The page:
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Originally Posted by mmoore6856 View Post
actually you want your ac to run when its cold. the systems used since the 80s (of the last century) turn the ac on whenever we use the defrost setting so it will dehumidify the air making the defrost work so much better.
That's only applicable to vehicles with in dash evaporators. If you're driving a van style "bus" you'll likely have such a system. Many buses however DO NOT have in dash air and so they don't turn on the A/C when the defroster is on.
Out rear engine AmTran had three massive evaporators. One in the rear overhead and one on each side at the roof curve. We removed them, along with 200 feet of refrigerant line, three condensors, and two compressors (when we get a bracket and pulley), along with hundreds of feet of cables and electronics.
We removed over 450 pounds and will replace it with about 200 pounds to install two mini splits that will run independent of the engine while reducing weight, freeing up 50+ cubic feet of interior and under body storage, and be more efficient.
All stock heaters except the dash are also removed. We may install one small coolant type heater in the living space to take advantage of the waste heat while driving. Normal heat will be two diesel parking heaters, a wood stove, and both propane (Mr Buddy) and plug in 110VAC as backups.
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Old 01-08-2022, 03:09 PM   #17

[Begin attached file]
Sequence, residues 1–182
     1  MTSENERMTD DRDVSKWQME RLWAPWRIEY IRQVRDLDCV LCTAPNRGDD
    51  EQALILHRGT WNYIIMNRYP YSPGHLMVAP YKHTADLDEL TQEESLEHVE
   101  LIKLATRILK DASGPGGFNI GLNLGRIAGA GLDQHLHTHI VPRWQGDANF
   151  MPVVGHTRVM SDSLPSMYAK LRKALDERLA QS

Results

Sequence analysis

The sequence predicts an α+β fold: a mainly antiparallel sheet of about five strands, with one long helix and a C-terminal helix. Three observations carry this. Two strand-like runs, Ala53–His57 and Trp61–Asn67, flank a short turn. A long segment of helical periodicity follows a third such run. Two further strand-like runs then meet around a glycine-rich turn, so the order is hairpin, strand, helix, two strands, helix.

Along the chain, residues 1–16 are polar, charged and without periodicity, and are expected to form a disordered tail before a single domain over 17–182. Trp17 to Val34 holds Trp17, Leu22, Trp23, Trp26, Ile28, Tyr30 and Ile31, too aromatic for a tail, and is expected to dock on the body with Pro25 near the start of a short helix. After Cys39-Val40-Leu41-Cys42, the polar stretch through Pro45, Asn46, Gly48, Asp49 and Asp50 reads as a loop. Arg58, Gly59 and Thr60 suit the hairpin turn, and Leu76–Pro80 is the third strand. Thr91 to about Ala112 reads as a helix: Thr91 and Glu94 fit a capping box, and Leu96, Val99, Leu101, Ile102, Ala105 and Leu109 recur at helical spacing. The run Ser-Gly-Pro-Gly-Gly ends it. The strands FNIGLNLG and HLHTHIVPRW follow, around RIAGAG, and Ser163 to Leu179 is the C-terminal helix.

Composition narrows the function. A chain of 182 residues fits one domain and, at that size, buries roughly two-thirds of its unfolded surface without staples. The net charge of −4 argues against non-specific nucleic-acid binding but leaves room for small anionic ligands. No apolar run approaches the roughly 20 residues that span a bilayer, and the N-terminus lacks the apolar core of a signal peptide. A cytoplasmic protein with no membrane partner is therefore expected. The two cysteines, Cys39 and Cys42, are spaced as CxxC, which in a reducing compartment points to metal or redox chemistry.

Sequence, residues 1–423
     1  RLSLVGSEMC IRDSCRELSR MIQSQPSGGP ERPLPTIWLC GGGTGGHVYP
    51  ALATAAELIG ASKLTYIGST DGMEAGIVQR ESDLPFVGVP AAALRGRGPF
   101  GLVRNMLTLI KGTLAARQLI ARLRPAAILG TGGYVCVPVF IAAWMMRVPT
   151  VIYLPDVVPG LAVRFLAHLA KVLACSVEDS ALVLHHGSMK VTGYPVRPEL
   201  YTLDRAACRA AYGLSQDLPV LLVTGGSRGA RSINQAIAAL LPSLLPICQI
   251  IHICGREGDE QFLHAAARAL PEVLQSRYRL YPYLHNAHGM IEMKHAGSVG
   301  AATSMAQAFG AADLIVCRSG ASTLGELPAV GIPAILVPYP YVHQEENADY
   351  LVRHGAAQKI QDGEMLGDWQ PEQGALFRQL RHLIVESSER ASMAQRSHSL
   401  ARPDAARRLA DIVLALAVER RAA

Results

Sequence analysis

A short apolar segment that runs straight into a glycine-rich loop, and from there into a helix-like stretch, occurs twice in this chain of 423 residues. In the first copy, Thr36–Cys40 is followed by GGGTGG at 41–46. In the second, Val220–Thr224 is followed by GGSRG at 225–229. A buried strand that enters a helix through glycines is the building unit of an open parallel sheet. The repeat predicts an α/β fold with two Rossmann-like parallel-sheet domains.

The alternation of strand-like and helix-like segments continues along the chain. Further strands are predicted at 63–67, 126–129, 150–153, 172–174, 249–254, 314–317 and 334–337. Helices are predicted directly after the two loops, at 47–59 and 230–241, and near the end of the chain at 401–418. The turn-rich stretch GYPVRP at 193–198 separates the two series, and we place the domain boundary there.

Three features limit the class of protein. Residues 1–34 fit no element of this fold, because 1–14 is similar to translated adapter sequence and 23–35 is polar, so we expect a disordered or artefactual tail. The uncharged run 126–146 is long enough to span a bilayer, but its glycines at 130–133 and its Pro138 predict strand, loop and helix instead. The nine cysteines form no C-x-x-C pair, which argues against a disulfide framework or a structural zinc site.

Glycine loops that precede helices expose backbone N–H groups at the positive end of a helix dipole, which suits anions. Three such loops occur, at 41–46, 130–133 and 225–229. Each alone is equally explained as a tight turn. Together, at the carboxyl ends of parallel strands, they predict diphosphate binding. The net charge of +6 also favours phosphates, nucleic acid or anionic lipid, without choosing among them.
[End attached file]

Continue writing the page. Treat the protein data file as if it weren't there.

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After further inspection, the stairwell heater was connected to the passenger side defroster BUT the driver's side heater also extends over to the passenger side. I guess the stairwell heater just makes defrosting the passenger side of the windshield more efficient. Nonetheless, I removed the rear heater and reconnected the heater hose using two elbow fittings and hose clamps where the hoses come out of the driver heater. I removed the stairwell heater and rather than do the same operation there, I eliminated completely the hose coming from the radiator (I think) to the stairwell heater and just reconnected the portion going from the stairwell heater to the driver heater back down to the radiator instead. That probably makes no sense without a simple diagram but it effectively reduced the amount of distance the coolant needs to circulate and saved some money on additional fittings to repair the loop.
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Old 01-08-2022, 03:34 PM   #18
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Removing rear heater good idea . Removing stairwell heater , big FAIL!

I’d have froze to death on my latest trip without that heater.. and when I was driving into the snow both WS defrosters had all they could handle to keep the glass and wipers clear
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Old 01-08-2022, 10:29 PM   #19
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Quote:
Originally Posted by LargeMargeInBaja View Post
Would those heater boxes be engineered as part of the cooling system?
.
Could the length of the hoses increase the efficiency of the cooling system?
On a long slow incline, could the cooling system benefit from more radiator surface?
Yes, turning on the heaters will help cool the engine on hot days. My two heaters produce 150,000 BTU/hr between them, and that lowers my engine's coolant temperature by a few degrees when climbing long 6% grades on 90-plus degree days (or nights!). Any extra coolant capacity from having longer hoses is negligeable - with my bus's 30-odd gallons of coolant a few more pints are inconsequential.

John
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Old 01-08-2022, 11:19 PM   #20
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I took my rear heaters out.
Now I am putting rear heat back in.